In Brides of Long Island’s Monthly “Mrs.” series, we profile some of our members’ unforgettable weddings. This month, we spoke with Tamara Simpson Agbeyegbe about planning two weddings in 14 months during her first year of medical school!
When Tosan proposed to Tamara in May of 2021, she had to hit the ground running with planning, as she was moving to Chicago with him so she could attend med school that August. That only gave her three months to book the big vendors for not one but two weddings she planned to have in July 2022! But she and Tosan tackled the planning head on, and had the best wedding weekend that celebrated not just the joining of their families, but honored Tosan’s Nigerian cultures and traditions.
A Trip Down Memory Lane
When Tamara headed up to visit her former teammate at Yale University in May of 2021, she figured she’d just be reminiscing during a girls’ weekend. Little did she know that Tosan had planned an elaborate proposal in the campus yard where they met! Tosan didn’t miss any details, inviting her friends and family members, including her brother from California. As Tamara walked through the yard, a friend or family member would pop out to hand Tamara a gift until she met Tosan at the end of the path. She says he was standing there in a rose petal heart with a table full of memories of their relationship. “It was really beautiful and over-the-top,” she says. But it was perfect.
Race to Plan
After they got engaged, Tamara says they hit the ground running before she started medical school. “I had to get most of the planning done so I didn’t have to do a lot while I was in school,” she explains. They toured a bunch of venues first, but fell in love with Giorgio’s, a BOLI Preferred Vendor. “They are just stunning, I couldn’t ask for a better place.”
Next up, she chose her wedding dress from Bridal Reflections, a BOLI Preferred Vendor. Choosing a DJ was easy for Tamara, as she used the same DJ that her family has used for the last 30 years. In fact, Tamara says it was the same DJ company that DJ’d her mom’s wedding! She also booked her hair and makeup artist – which were also easy to find because they are the same ones her sister used at her own wedding three years ago.
With the bigger vendors booked for her American wedding, Tamara was able to focus on medical school by the fall of 2021. She says that Tosan helped by creating spreadsheets to coordinate the payments and put together a timeline. In addition to Tosan, Tamara leaned on her sister, who gave her advice on wedding planning. “She was able to tell me the things she wished she would have spent more money on and the things she said you don’t need to spend money on.”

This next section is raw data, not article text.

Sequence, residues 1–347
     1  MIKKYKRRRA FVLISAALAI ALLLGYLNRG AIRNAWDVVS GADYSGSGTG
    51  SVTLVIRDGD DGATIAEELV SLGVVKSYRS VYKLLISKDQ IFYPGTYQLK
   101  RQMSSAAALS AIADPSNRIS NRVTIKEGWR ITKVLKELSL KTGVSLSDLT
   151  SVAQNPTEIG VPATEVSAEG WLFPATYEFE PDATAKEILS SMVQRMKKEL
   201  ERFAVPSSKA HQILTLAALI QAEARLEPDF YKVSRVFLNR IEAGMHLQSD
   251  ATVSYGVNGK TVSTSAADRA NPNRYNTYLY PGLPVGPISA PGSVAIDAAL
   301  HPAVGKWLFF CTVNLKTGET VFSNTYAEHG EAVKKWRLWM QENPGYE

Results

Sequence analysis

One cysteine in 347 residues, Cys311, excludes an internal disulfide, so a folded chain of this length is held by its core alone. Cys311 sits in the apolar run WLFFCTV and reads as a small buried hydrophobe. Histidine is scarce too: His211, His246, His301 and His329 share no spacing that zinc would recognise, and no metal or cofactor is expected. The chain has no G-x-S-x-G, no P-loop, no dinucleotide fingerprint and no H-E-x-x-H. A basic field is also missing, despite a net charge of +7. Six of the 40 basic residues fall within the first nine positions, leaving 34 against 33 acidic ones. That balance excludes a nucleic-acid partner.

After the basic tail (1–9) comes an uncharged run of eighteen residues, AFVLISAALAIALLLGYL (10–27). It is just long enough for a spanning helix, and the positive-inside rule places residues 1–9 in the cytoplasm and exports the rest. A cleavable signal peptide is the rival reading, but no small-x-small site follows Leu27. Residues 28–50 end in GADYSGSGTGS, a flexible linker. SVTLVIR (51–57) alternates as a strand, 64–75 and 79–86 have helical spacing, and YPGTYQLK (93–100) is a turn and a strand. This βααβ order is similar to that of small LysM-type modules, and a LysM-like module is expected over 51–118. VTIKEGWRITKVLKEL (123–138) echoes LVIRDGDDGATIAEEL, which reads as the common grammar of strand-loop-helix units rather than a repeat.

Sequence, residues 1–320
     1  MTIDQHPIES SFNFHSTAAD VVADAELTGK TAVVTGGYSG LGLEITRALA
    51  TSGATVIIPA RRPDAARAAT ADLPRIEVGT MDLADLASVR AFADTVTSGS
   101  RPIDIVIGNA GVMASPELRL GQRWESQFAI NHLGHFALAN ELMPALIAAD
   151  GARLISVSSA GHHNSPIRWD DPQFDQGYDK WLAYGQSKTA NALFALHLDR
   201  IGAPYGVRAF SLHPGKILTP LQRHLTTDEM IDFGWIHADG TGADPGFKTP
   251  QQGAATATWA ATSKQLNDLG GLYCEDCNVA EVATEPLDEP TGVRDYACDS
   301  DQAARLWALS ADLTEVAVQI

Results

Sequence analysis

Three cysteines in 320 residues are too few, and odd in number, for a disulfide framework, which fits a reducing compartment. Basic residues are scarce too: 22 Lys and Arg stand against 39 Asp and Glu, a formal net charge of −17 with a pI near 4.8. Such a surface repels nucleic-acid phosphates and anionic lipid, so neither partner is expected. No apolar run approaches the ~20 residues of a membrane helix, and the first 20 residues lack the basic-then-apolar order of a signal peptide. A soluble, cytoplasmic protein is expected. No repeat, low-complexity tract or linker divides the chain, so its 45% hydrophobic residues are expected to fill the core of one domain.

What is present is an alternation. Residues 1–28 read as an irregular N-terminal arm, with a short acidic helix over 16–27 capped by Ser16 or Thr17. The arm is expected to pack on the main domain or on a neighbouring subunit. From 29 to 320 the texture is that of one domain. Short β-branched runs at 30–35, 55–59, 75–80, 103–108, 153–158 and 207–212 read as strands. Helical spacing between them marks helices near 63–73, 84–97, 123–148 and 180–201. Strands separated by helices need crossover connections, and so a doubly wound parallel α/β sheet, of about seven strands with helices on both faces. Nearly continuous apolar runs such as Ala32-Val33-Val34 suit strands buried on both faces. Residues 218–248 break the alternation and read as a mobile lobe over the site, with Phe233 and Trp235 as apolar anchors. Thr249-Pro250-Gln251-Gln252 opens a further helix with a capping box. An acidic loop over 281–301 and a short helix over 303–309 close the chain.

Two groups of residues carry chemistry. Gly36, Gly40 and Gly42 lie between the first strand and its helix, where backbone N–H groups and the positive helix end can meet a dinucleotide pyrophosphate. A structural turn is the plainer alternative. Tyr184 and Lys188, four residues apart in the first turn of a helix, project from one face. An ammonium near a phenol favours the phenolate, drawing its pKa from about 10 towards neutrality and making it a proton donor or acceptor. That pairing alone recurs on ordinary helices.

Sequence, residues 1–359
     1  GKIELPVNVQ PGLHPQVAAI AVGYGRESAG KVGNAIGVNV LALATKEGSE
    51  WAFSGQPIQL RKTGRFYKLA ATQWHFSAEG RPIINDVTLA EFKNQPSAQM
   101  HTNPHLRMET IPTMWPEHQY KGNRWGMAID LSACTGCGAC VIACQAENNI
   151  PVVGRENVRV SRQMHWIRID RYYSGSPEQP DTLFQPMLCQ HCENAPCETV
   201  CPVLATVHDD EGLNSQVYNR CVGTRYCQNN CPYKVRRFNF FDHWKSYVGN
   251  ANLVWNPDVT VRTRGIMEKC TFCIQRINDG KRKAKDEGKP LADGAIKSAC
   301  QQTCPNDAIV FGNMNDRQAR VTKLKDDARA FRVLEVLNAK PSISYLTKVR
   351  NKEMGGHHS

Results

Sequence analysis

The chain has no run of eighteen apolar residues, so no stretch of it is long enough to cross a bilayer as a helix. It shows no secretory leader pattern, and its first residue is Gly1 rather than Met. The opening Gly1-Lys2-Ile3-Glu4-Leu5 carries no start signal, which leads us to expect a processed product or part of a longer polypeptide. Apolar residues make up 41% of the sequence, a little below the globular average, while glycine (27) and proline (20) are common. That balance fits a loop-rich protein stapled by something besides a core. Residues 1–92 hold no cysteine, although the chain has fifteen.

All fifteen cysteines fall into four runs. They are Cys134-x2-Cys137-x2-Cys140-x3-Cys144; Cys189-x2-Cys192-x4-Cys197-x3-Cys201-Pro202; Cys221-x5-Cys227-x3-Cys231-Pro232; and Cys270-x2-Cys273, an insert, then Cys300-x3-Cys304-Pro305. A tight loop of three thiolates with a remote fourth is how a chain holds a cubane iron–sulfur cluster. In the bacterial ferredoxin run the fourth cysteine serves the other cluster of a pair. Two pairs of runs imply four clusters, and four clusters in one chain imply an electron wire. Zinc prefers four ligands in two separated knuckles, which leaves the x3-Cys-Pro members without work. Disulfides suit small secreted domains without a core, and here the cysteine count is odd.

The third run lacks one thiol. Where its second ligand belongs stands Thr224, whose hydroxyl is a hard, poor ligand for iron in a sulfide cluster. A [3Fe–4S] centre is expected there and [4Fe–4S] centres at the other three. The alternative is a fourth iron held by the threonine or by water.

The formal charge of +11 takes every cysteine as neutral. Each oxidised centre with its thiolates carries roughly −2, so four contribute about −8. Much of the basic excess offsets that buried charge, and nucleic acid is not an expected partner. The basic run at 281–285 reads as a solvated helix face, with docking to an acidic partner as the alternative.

Planning the Nigerian Wedding
Tamara says that because Tosan is Nigerian, they had two weddings. By January 2022, Tamara and Tosan consulted with his family to plan the Nigerian wedding. “It was really special to learn the different ceremony pieces and the traditions,” says Tamara. “It was really great to embrace his culture and represent it well.” At times it was overwhelming she says, but she leaned on Tosan and his family to help. “My husband took the reins. He organized me getting my dresses in Nigeria!” Yes, that’s right. She had to get two separate dresses made for her Nigerian wedding – and they were custom-made in Nigeria! “I sent my measurements over. I would take calls at weird hours because of the time zone.” In the end, the dresses were beautiful. “They were so colorful. I couldn’t believe it. I had to put so much jewelry on,” says Tamara. “And I had to put a headwrap on.”
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Tamara says the Nigerian wedding was held at North Shore Beach Clubhouse – and it was more of a do-it-yourself wedding. “I had one planner – I used my cousin’s event planning business,” says Tamara. She adds that while she had a different photographer and videographer for the Nigerian wedding, she used the same hair and makeup artist for both weddings.
Tamara explains that since she was the last girl to get married in her family, her mother wanted to go over the top with her wedding! “My mom and my sister were like ‘we have to top everything we’ve ever done.’”
So, what did those over-the-top things include? To start, their guest list included over 200 people at her American wedding, and 120 people at her Nigerian wedding. Guest list aside, the entertainment at Giorgio’s included a caricaturist, violinists, a keyboard player and aerialists. Yes, aerialists! “My sister had ballerinas, so I couldn’t have that!” says Tamara. “The aerialists were in hoops and doing flips and spinning around. I couldn’t believe it! They were stunning.”